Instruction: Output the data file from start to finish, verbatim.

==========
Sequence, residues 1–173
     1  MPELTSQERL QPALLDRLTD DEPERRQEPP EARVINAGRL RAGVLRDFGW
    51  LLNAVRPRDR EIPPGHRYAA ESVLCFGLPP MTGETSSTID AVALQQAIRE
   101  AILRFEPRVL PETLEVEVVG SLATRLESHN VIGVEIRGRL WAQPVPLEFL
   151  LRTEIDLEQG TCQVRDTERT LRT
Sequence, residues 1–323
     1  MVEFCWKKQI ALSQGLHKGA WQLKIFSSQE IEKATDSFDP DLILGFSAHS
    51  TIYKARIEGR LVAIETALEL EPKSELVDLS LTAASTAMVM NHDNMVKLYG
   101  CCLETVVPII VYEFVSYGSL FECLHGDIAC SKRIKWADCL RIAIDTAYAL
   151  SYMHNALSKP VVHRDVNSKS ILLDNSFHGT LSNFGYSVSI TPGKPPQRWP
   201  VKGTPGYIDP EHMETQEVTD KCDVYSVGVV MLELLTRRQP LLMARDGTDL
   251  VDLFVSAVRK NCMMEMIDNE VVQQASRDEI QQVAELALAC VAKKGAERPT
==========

Sequence, residues 1–173
     1  MPELTSQERL QPALLDRLTD DEPERRQEPP EARVINAGRL RAGVLRDFGW
    51  LLNAVRPRDR EIPPGHRYAA ESVLCFGLPP MTGETSSTID AVALQQAIRE
   101  AILRFEPRVL PETLEVEVVG SLATRLESHN VIGVEIRGRL WAQPVPLEFL
   151  LRTEIDLEQG TCQVRDTERT LRT
Sequence, residues 1–323
     1  MVEFCWKKQI ALSQGLHKGA WQLKIFSSQE IEKATDSFDP DLILGFSAHS
    51  TIYKARIEGR LVAIETALEL EPKSELVDLS LTAASTAMVM NHDNMVKLYG
   101  CCLETVVPII VYEFVSYGSL FECLHGDIAC SKRIKWADCL RIAIDTAYAL
   151  SYMHNALSKP VVHRDVNSKS ILLDNSFHGT LSNFGYSVSI TPGKPPQRWP
   201  VKGTPGYIDP EHMETQEVTD KCDVYSVGVV MLELLTRRQP LLMARDGTDL
   251  VDLFVSAVRK NCMMEMIDNE VVQQASRDEI QQVAELALAC VAKKGAERPT